SOLO – GAP FILLER AND WELCOME “THROW BACK” TO THE ORIGINAL STAR WARS STYLE OF A NEW HOPE

SHORT TAKE:

FINALLY, a return to the classic style and pacing of the original family friendly clean agenda free (mostly) Star Wars, in the origin story of the one and only Han Solo.

WHO SHOULD GO:

Pretty much anyone. Not as violent as Rogue One and less cleavage than Carrie Fisher's gold metal bikini in Return of the Jedi.

LONG TAKE:

WARNING: CONTAINS A FEW CRUCIAL SPOILERS TO OTHER STAR WARS MOVIES.

When I was a kid I used to do jigsaw puzzles with my Dad. 300 piece, 500. I think the biggest one we ever did together was a 1,500 piece puzzle of the French Quarter at Night. Similar to this one.

No one piece stands out, except as you are fitting it into the bigger picture. Originally made from wood in 1760 and cut into pieces by a jig-saw, most jigsaw puzzles are now made of cardboard, but the fascination remains. Each piece has its own unique "personality" and has only one place where it will go to complete a bigger overall picture. While you are searching for just that right spot, that one piece becomes very important and you know, briefly, every detail of its shape – every tab and blank, edge and curve fitting specifically into one part of the tesselation that is a completed jigsaw puzzle. But then, when you figure out where it goes, its success is defined as how well it blends in with and disappears into the rest of the picture.

Solo reminds me of that – appropriate for such a movie to be named for a single, unpaired, individual – Solo is as unique in shape but as uniform in texture and picture as all the other Star Wars movies, so like a unique puzzle piece stands alone yet fits in beautifully to the overall picture. This is not a bad thing.

The point I’m making is that Solo fills an empty spot in the larger overall painting that is the Star Wars Universe. In the original films, Star Wars – A New Hope, Empire Strikes Back and Return of the Jedi  – there was a LOT of missing back story to Han that worked as a mystery then, but over time became niggling points for which people would enjoy answers. What was this card game from which Solo won the Falcon "fair and square" from Lando? How did Solo and Chewy meet? Where did Han come from? How did he acquire the skills he so effortlessly displayed as a smuggler? There was no mention of a gang or family business. No mentor or sponsor. Were there any women in his life before Leia? Why does Chewy stay with and take orders from this annoying, snarky, only marginally successful representative of a significantly physically weaker race? Were there any defining watershed moments in his past which would help shape this surprisingly complex character, who was part scoundrel with a soft heart and part hero with a large Machiavellian streak? Why are Lando and I the only creatures in the Universe that think Solo’s first name should be pronounced with a short vowel – Han – like hand or fan? And where did he learn to speak —- Wookie? Well – MOST of these questions are artfully answered, at least in part by the new Star Wars installment – Solo: A Star Wars Story.

Personally, I find the timeline for the release of the Star Wars movies very convoluted. We start with Star Wars, originally released as a stand alone movie in 1977 but then renamed Star Wars – A New Hope IV in 1981 when they started making the sequels. The SECOND Star Wars movie made, Empire Strikes Back was numbered V and Return of the Jedi – really the third born, was numbered VI. THEN they made Phantom Menace and the sequels to IT 16 years after the Return of the Jedi but were subsequently numbered I, II and III. THEN THEN Force Awakens and Last Jedi were made in 2015 and 2017 but they REALLY belong after Return of the Jedi which was released in 1983. But THEN THEN THEN Rogue One’s story belongs squeezed between number III – Revenge of the Sith (2005) and IV – A New Hope which was released in 1977, which REALLY should force a renumbering AGAIN if it weren’t for the possibility that the Star Wars fans might storm Lucasfilms and…..wait……that changed too. Disney bought them out.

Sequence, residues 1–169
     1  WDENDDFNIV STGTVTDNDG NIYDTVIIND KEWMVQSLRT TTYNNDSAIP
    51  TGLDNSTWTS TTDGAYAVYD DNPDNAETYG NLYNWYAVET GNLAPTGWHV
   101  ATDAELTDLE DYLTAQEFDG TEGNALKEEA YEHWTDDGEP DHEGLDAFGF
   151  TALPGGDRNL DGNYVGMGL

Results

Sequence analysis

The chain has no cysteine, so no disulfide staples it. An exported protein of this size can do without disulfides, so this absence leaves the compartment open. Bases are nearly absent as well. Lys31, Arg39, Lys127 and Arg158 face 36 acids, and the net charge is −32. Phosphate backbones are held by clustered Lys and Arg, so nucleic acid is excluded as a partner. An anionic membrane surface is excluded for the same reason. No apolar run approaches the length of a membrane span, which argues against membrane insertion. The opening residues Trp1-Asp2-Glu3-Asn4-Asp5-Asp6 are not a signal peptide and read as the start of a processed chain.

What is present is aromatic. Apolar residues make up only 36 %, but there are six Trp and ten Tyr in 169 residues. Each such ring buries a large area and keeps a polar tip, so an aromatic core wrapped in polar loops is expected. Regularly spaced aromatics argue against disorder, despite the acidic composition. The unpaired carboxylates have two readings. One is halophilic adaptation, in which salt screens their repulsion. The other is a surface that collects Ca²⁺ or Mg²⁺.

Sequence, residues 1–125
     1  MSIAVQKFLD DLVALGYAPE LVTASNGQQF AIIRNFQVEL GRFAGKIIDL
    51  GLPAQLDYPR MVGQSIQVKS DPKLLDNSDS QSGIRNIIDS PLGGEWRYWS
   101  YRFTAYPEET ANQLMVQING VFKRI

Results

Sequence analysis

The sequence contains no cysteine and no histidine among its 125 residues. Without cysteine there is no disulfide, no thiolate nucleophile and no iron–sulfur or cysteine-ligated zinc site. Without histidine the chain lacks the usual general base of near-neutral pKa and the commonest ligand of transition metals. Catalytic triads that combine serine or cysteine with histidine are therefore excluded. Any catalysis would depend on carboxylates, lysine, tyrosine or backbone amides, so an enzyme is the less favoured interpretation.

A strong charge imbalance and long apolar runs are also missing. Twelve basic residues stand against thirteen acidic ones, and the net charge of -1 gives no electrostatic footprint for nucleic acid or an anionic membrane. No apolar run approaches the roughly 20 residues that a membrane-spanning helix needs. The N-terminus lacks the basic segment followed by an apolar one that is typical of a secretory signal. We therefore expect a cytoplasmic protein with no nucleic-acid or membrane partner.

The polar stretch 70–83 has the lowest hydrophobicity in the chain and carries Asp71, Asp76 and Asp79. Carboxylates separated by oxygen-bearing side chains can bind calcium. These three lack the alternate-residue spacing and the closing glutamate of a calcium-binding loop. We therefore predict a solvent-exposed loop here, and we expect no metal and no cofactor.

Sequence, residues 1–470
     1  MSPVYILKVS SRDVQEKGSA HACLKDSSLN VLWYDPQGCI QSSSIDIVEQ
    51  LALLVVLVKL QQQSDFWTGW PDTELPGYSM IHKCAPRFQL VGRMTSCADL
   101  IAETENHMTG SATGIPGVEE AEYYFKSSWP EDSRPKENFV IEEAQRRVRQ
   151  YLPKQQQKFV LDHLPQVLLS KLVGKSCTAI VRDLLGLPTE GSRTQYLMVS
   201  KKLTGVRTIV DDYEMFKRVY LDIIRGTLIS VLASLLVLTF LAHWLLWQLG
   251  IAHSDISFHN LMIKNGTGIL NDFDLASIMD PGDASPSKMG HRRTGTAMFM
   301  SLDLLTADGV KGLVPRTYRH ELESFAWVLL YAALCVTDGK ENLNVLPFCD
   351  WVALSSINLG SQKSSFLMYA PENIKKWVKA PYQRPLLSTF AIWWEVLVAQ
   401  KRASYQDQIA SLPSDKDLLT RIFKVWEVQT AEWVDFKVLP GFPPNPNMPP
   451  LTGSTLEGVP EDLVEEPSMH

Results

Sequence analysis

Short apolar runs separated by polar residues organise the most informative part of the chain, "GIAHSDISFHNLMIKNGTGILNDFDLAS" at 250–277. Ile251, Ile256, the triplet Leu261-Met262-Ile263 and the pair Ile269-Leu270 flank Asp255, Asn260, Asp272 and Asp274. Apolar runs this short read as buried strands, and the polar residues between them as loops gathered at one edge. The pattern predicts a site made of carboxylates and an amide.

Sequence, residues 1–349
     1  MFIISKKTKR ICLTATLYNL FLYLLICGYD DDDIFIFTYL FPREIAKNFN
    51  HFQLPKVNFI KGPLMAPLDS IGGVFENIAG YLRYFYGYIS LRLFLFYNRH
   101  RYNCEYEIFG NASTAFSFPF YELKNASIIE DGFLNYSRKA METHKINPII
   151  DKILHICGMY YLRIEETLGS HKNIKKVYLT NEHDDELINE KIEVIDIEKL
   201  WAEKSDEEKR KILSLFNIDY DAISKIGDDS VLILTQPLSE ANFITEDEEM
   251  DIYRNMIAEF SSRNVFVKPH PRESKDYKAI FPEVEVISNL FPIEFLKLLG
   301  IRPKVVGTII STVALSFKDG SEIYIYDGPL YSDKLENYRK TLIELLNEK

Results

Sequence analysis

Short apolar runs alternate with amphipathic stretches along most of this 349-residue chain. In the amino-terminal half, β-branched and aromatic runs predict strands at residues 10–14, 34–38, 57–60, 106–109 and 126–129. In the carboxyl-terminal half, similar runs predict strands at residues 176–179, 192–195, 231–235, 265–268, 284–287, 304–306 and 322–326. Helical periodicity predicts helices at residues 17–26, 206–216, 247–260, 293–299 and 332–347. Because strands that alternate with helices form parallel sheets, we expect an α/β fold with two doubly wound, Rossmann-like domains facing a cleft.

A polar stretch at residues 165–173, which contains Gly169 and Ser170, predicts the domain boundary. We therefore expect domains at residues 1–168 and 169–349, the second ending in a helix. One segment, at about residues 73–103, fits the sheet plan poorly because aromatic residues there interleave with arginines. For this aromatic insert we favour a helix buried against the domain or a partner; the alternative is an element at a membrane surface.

Well.  *sigh*

Where does that leave Solo’s timeline you might ask? Crammed between Revenge of the Sith (III) and Rogue One, leaving LOTS of time BETWEEN the timelines of Solo and Rogue One to fill in more of Han’s life adventures before he basically…catches up to himself.

Alden Ehrenreich (pronounced ALL-DEN ERIN-RIKE – I know I got THAT correct as I listened for it on an interview with the actor!) is wonderful as the young Han Solo. A terrific actor in general he made quite an impression in the Cohen Brothers homage to 1950's movie genres, Hail Caeser, as an endearing, stalwart, naive Audie Murphy-type character. Ehrenreich has JUST the right twinkle in his eye, spring in his steps, mischief in his manner, unrelieved optimism in his own abilities, confidence in his mannerisms and slightly arrogant attitude that make him SO familiar to the Han Solo we grew up with. Yet this Solo is neither an imitation nor a caricature. Ehrenreich makes Solo his own but is so convincing that, like a reigning dowager at a family reunion you would have known who this young man belonged to just by watching him for 30 seconds.

Donald Glover (the scientist who figures out how to get The Martian home) plays a young brash Lando with the expected pinache and verve.

Peter Mayhew – all 7 foot 3 of him – now retired living in Texas, was the original Chewbacca. This mantle, or should I say "walking carpet," is now worn by Joonas Suotomo, a 6 foot 11 Finnish basketball player.